Editor’s Note: The following article originally appeared in the Winter 2008 issue of Focus on Science, a magazine produced by the College of Natural Sciences.
Every day that computer sciences professor Lili Qiu works to find new ways to make wireless connections faster, more reliable and more accessible is another day that the challenges, and the possibilities, of the wireless world expand.
Since arriving at the university from Microsoft in 2005, Qiu has completed a general wireless interference model that should make it possible to systematically optimize performance for real wireless networks. She’s discovered new security holes that “greedy” users might employ to trick wireless networks into giving them more bandwidth than they deservecrowding out honest usersand she’s found ways to patch those holes. She’s helped build virtual tunnels across networks and service providers in order to facilitate applicationslike Internet-based phone service, video conferencing, and online tradingthat depend on uncorrupted and uninterrupted connections. And she’s begun looking at the kinds of challenges that arise as more people play multi-user video games from wireless connections.
Qiu is also developing software to more efficiently transmit information through “multi-hop wireless mesh networks,” which are set up to pass information along through numerous wireless nodes (usually computers) before reaching an access point to the wired infrastructure of phone and cable lines.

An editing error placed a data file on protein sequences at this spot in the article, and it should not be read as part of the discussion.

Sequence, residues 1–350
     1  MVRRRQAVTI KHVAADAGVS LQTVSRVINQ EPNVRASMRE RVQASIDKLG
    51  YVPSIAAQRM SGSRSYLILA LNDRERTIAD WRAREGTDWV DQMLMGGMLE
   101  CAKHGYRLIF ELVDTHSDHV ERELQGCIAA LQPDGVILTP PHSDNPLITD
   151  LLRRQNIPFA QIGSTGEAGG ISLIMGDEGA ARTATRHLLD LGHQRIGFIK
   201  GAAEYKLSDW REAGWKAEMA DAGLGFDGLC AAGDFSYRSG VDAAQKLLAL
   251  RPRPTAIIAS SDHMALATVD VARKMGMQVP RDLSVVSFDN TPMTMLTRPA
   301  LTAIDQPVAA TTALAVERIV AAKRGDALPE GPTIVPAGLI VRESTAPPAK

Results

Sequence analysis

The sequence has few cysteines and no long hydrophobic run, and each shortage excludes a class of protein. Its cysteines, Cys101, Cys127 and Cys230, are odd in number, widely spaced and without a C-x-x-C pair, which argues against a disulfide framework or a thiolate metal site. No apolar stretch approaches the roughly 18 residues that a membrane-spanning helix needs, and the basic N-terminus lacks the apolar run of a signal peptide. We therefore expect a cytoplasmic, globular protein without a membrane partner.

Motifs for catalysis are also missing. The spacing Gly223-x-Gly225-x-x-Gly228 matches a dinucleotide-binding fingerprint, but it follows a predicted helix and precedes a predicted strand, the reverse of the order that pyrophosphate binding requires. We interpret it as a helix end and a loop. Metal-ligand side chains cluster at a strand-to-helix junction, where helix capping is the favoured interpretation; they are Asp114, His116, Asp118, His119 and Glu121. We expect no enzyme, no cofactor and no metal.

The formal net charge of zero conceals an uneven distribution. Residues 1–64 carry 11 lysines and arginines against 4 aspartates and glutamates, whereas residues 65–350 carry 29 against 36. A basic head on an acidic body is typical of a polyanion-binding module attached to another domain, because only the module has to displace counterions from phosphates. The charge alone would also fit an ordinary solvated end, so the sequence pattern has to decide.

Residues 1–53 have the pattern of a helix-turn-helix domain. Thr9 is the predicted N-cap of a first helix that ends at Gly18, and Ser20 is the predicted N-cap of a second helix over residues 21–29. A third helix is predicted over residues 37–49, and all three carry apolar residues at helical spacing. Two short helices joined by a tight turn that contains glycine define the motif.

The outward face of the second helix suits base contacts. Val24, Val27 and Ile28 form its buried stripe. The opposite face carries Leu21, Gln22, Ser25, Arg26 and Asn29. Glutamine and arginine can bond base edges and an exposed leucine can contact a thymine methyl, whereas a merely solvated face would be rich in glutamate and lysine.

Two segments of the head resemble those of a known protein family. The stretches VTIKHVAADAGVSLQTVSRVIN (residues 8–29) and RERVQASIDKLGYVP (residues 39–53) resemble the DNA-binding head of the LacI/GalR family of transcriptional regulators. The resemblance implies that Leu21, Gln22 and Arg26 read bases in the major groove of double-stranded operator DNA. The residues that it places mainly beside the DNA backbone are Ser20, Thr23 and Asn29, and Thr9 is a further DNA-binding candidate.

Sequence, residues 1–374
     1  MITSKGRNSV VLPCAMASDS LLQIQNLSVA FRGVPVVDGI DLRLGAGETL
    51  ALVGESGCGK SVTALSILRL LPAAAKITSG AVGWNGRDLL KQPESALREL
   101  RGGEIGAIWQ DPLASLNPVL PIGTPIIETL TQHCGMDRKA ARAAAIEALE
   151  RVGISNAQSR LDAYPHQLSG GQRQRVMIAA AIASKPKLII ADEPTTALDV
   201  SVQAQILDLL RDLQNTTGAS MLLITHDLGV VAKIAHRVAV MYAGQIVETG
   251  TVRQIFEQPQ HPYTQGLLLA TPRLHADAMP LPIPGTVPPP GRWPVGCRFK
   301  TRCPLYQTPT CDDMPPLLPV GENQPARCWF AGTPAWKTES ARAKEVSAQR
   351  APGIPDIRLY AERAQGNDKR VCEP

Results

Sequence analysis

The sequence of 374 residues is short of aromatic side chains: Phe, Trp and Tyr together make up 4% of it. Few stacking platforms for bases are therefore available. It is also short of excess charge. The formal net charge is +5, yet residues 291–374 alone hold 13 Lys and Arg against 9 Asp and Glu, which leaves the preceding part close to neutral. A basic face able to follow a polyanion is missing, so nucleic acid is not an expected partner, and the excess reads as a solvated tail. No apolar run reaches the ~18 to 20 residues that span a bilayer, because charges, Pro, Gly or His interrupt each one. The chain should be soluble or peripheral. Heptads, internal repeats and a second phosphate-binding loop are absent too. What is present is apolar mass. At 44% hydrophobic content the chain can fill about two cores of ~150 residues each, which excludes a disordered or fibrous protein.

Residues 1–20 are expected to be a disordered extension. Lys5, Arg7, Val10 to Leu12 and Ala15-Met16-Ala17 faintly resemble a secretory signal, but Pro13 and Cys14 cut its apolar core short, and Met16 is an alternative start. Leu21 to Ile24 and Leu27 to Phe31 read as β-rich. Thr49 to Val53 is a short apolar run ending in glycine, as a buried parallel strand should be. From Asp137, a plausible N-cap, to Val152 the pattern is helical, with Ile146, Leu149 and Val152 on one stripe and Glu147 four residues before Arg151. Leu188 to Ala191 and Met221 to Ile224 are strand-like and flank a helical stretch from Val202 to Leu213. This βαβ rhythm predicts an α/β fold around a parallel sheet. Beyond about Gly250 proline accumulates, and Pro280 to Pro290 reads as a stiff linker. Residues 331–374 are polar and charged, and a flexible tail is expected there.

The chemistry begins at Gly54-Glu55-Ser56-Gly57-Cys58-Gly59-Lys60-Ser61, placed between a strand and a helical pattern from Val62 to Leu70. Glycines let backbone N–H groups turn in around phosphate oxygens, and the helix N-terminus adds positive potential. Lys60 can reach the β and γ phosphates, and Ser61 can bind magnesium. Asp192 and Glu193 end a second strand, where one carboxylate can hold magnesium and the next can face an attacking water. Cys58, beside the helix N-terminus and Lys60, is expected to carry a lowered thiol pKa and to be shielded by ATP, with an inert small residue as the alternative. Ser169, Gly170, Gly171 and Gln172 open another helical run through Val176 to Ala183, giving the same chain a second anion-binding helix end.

Such mesh networks, which were initially developed so that the military could maintain communications in isolated, unwired locales, have been proving increasingly attractive to placeslike rural communities, high-density urban downtowns, and developing countrieswhere it’s too costly or too complicated to set up a fully integrated wired infrastructure.
The software developed by Qiu and her students, nicknamed “SOAR,” has already shown that it can improve efficiency by taking advantage of the fact that a wireless signal is broadcast in all directions, and thus may have a number of other wireless devices within range that are capable of receiving and then re-transmitting a signal. SOAR provides a mesh network with a set of software protocols that allow the network to choose, at each step, the most optimal node in range to pass on a packet of information.
Qiu has been testing her software on a network of 25 wirelessly linked computers in and around her office in the ACES building. Next, she hopes to take advantage of the city of Austin’s multi-hop mesh network for field-testing.
“My work at UT has been about finding a more systematic approach to these kinds of problems,” says Qiu. “Right now most of the solutions are either ad hoccreated for a particular network, or they’re so abstract that they’re of questionable utility when dealing with a real system. Ultimately, I plan to develop a complete toolkit that is both solid theoretically and practically effective, and apply it to managing wireless networks at home, on campus, in enterprises, and at medical clinics.”